The commission was set up to investigate not just political and editorial interference at the SABC, but also “commercial and business interference”. Of these aspects, there is hardly a mention.
The report notes that “among other issues raised by witnesses” were the SABC/The New Age breakfast contract; and “allegations that there’s a plan to let Lotus FM collapse in order to privatise it and sell it to people who have already been identified”.
All the report has to say in response to these two issues: “The commission saw these as more examples of the chaotic decision-making and the distrust fanned by it.”
It does not deal at all with the 2013 channel distribution agreement between the SABC and Multichoice — for which Motsoeneng received an R11-million bonus, and which was apparently reached after the SABC agreed to back Multichoice on digital migration.
The commission’s recommendations to ensure that the SABC regains its editorial independence hinge mainly on the establishment of a news and current affairs advisory committee, made up of retired judges and editors and journalism academics, to provide guidance on editorial affairs.
It also recommended that all HR moves executed by Motsoeneng be audited. SABC head of legal Ntuthuzelo Vanara announced during the report launch that 34 employee appointments will be taken to the Labour Court.
The DA, meanwhile, has announced that it will be using the report to lay criminal charges against Faith Muthambi.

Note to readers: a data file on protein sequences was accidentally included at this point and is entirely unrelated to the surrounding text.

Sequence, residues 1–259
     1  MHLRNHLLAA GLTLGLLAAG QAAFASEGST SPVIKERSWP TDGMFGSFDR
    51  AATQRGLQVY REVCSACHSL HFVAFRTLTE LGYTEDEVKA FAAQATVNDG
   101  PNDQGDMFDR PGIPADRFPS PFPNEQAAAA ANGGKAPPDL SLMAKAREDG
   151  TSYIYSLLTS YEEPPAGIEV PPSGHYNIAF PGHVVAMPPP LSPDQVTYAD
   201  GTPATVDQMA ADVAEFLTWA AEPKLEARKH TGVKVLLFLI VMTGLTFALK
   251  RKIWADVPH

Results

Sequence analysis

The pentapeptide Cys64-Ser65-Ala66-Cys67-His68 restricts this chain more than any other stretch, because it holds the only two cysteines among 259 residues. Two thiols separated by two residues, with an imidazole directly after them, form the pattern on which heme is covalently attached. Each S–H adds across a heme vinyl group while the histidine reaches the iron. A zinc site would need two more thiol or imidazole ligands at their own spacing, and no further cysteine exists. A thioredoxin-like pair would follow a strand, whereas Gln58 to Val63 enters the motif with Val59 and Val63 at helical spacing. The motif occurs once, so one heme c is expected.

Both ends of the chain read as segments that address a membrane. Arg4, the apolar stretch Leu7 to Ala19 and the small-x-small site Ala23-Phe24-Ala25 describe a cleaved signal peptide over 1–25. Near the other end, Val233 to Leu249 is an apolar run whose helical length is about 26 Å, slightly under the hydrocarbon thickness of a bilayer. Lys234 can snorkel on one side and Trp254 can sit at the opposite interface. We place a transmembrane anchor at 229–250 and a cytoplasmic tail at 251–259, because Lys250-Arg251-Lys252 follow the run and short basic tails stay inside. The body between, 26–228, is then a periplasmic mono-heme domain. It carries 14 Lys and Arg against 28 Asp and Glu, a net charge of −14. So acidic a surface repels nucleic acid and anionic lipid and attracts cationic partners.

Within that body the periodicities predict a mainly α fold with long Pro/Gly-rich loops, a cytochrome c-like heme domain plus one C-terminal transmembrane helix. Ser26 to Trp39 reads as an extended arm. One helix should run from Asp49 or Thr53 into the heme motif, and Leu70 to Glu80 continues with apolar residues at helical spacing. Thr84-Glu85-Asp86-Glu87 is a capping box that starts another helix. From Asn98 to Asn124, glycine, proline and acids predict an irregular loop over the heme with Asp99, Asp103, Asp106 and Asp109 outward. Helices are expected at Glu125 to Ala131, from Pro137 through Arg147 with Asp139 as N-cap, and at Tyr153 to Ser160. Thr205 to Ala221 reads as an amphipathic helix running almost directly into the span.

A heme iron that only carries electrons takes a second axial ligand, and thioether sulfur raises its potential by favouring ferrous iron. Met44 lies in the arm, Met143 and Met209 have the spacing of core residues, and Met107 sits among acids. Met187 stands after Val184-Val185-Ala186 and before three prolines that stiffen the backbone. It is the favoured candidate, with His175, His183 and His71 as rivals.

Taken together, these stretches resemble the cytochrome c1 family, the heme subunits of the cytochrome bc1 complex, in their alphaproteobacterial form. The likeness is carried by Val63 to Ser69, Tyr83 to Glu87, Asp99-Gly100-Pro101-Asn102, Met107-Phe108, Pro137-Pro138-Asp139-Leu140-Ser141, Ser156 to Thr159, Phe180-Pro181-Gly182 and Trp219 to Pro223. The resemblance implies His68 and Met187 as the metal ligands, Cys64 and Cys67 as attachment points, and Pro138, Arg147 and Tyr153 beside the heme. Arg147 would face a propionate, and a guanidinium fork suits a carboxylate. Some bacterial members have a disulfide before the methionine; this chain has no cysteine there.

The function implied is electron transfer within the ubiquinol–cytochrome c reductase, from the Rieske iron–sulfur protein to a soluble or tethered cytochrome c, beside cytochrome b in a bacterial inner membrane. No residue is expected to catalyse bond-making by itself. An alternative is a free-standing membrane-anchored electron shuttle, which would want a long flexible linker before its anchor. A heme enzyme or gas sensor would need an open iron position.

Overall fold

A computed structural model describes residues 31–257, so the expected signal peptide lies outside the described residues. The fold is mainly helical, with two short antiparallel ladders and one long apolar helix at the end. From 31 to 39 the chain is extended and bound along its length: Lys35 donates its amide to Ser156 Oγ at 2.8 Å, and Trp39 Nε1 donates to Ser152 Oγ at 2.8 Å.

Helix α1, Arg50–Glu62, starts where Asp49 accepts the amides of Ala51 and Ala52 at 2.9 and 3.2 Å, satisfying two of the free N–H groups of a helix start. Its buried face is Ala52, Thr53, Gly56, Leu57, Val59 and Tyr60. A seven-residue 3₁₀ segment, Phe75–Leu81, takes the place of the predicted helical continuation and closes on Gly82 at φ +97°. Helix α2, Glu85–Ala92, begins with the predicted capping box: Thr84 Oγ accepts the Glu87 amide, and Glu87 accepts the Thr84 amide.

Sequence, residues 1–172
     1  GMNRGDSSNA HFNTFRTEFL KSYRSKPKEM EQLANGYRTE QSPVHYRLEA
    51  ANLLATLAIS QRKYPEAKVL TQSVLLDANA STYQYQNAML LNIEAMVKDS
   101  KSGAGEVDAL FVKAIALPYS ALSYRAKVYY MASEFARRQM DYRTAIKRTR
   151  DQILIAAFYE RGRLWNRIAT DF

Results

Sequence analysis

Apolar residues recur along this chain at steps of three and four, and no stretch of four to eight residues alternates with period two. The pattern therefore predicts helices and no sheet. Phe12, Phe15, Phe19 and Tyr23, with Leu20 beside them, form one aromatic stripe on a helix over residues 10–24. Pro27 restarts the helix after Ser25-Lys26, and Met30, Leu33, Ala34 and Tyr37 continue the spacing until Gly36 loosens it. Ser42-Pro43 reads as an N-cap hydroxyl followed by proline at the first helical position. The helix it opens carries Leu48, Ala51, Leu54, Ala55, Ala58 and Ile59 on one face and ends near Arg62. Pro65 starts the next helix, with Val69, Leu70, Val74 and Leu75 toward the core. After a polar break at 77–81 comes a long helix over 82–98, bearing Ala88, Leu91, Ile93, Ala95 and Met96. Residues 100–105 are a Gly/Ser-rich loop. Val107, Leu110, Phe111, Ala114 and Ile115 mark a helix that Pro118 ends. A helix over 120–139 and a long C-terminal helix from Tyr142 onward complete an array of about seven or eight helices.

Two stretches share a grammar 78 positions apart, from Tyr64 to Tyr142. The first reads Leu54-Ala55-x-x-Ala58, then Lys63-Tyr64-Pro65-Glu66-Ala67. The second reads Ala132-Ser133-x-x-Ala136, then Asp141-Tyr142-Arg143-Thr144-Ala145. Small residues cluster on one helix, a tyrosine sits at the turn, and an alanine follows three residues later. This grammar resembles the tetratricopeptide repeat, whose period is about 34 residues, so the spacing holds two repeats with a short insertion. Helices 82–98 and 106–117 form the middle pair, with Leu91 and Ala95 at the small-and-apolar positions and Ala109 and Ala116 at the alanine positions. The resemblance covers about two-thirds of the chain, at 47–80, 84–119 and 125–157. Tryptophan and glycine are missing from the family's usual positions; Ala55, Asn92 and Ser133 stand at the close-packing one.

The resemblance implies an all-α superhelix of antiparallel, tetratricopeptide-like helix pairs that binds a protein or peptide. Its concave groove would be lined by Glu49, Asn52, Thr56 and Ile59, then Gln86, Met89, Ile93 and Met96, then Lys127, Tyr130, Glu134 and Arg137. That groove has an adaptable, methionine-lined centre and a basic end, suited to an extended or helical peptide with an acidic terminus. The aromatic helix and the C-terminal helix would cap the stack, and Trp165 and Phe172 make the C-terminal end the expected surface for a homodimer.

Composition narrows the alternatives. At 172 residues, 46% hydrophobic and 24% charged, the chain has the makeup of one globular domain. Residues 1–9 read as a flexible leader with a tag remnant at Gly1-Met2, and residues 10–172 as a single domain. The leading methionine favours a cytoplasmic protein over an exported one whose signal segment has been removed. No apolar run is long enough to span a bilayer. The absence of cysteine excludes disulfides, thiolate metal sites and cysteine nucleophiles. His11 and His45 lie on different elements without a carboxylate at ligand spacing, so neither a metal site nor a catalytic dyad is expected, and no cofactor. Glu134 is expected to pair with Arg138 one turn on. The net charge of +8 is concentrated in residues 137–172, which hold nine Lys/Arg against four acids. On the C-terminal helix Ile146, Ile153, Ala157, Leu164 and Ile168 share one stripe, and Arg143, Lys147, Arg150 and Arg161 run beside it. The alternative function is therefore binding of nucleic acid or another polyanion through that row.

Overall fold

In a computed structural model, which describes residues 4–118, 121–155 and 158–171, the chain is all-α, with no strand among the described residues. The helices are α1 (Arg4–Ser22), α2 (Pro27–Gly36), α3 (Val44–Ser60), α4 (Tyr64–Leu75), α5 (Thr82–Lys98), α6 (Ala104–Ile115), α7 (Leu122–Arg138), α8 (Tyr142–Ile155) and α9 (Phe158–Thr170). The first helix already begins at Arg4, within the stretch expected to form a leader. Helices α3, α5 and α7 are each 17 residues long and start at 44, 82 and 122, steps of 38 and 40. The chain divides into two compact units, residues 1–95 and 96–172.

Although Muthambi told Parliament’s SABC inquiry in 2016 that she “never” interfered with editorial decisions at the broadcaster, the report concludes that Muthambi did indeed give instructions to the SABC newsroom.
As a result, the DA says it is laying charges against Muthambi for violating the Powers, Privileges and Immunities Act by misleading Parliament during the SABC inquiry.
The South African National Editors’ Forum said that while it respected the report’s finding that “there was no evidence of direct political interference from ANC headquarters”, it nonetheless implored the “new custodians of the SABC newsroom” to ensure that the broadcaster was protected from any form of interference in future.
One thing current SABC staffers can look forward to is “healing” and “team building”. Both need to be prioritised to help salve the wounds of the Motsoeneng era, the report concludes. DM